coherence refers to the symmetrical co-alignment of the five elements of the firm’s strategy, the congruence of functional-area policies with
these elements, and the overarching fit of various businesses under the corporate umbrella.
4) Identify a firm’s stakeholders and explain why such identification is critical to effective strategy formulation and implementation.
Stakeholder analysis improves the understanding of the range and variety of parties who have a vested interest in the formulation and
implementation of a firm’s strategy or some influence on firm performance. The first step in stakeholder analysis is identifying stakeholder
groups that are affected by or that may affect the firm’s strategy. The second step calls for identifying those stakeholders who are important for
strategy formulation and implementation, those for whom the strategy will be important, and those who are influential in determining the
strategy. The third step involves categorizing stakeholders according to their influence in determining strategy versus their importance in its
execution. Stakeholder analysis also helps expose any major omissions in strategy formulation and implementation.
5) Explain how ethics and biases may affect strategic decision making.
Strategic leadership and strategic decision making have much in common. Indeed, strategic leadership can be characterized by strategic decision
making and the actions in which it results. The effectiveness of strategic decision making is threatened when managers act unethically or
without being fully aware of the biases influencing their judgment. Ethical lapses may reflect an individual shortcoming, but they can often be
traced to a lack of clear organizational mechanisms for making individuals accountable for their actions. Decision-making biases, or threats to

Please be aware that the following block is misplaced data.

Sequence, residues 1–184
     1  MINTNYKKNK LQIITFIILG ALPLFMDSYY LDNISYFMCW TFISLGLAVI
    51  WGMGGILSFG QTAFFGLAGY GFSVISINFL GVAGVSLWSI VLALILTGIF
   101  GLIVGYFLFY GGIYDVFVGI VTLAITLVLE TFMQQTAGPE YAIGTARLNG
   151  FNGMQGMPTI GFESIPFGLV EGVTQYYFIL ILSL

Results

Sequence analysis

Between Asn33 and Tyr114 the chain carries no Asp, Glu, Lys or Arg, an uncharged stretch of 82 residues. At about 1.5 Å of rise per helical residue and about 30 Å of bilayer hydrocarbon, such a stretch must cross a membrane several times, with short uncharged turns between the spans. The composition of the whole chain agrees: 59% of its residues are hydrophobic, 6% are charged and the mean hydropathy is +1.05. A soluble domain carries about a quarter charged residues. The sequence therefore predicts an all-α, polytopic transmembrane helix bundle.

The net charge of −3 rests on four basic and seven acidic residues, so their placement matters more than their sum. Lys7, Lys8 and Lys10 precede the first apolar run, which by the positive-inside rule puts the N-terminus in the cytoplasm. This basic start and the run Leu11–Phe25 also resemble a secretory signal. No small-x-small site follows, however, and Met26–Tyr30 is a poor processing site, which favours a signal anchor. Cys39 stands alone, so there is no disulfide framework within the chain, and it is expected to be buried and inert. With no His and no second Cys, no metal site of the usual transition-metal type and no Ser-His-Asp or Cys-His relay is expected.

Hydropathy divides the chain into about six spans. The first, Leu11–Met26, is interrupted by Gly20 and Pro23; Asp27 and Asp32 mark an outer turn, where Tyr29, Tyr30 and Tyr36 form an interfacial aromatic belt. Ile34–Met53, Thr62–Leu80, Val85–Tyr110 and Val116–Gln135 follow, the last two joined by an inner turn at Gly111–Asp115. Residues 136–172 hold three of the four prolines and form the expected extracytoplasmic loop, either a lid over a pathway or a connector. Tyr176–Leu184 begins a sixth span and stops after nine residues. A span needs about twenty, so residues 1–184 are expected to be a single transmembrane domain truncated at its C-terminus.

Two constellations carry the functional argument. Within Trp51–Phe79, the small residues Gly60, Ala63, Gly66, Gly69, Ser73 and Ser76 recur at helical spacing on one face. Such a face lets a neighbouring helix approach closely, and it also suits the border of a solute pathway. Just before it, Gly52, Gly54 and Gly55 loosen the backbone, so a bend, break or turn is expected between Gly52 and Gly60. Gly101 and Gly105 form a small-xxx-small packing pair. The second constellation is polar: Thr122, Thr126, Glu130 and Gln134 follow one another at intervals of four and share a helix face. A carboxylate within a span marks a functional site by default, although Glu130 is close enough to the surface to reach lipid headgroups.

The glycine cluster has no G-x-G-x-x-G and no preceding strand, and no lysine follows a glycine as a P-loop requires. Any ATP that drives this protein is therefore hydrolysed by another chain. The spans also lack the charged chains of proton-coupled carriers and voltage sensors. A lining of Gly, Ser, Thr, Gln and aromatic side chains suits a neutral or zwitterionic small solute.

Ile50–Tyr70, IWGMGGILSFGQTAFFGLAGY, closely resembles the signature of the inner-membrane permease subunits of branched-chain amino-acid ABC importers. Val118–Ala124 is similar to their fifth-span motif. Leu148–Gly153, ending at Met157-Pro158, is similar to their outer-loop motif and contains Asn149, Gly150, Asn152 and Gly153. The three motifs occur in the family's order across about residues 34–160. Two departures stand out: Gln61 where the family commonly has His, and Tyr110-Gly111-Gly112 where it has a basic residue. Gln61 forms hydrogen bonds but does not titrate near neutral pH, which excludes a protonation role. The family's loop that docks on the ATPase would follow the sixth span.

rational decision making in general, result from theories about oneself, theories about one’s world. They may impair both rational and ethical
decision making and even an organization’s ability to realize its vision and mission.
•resources inputs used by firms to create products and services
•capabilities a firm’s skill at using its resources to create goods and services; combination of procedures and expertise on which a firm relies
to produce goods and services
•value chain total of primary and support value-adding activities by which a firm produces, distributes, and markets a product
•outsourcing activity performed for a company by people other than its full-time employees
•distinctive competence capability that sets a firm apart from other firms; something that a firm can do which competitors cannot
•core competence capability which is central to a firm’s main business operations and which allow it to generate new products and services
•VRINE model analytical framework suggesting that a firm with resources and capabilities which are valuable, rare, inimitable, non-
substitutable, and exploitable will gain a competitive advantage
•value a resource or capability is valuable if it enables a firm to take advantage of opportunities or to fend off threats in its environment
•rarity as scarcity relative to demand; an otherwise valuable resources that isn’t rare won’t necessarily contribute to competitive advantage:
valuable resources that are available to most competitors simply enable a firm to achieve parity with everyone else
•inimitability and non-substitutability a valuable and rare resource or capability will grant an advantage only so long as competitors don’t gain
possession of it or find a close substitute; the criterion is satisfied if competitors cannot acquire the valuable and rare resource quickly or if they
face a cost disadvantage in doing so
•casual ambiguity difficult to identify or understand certain factors
•dynamic capabilities a firm’s ability to modify, reconfigure and upgrade resources and capabilities in order to strategically respond to or
generate environmental changes
•outsourcing is simply sourcing the function, product or service of a value chain activity from another country
•offshoring is taking that activity from a high-cost country to a low-cost country
•exploitability mere possession of or control over a resource or capability is necessary but not sufficient to gain a competitive advantage; a
company’s ability to get the value out of any resource or capability that it may generate
Summary of Challenges
1) Explain the internal context of strategy.
Firms facing similar industry conditions achieve different levels of competitive advantage and performance based on their internal
characteristics and managerial choices. Although firms must always take the external context into account when formulating and implementing
strategy, the internal perspectives stress the differences among firms in terms of the unique resources and capabilities that they own or control.
These perspectives offer important models and analytical tools that will help you to analyze and formulate competitive strategies.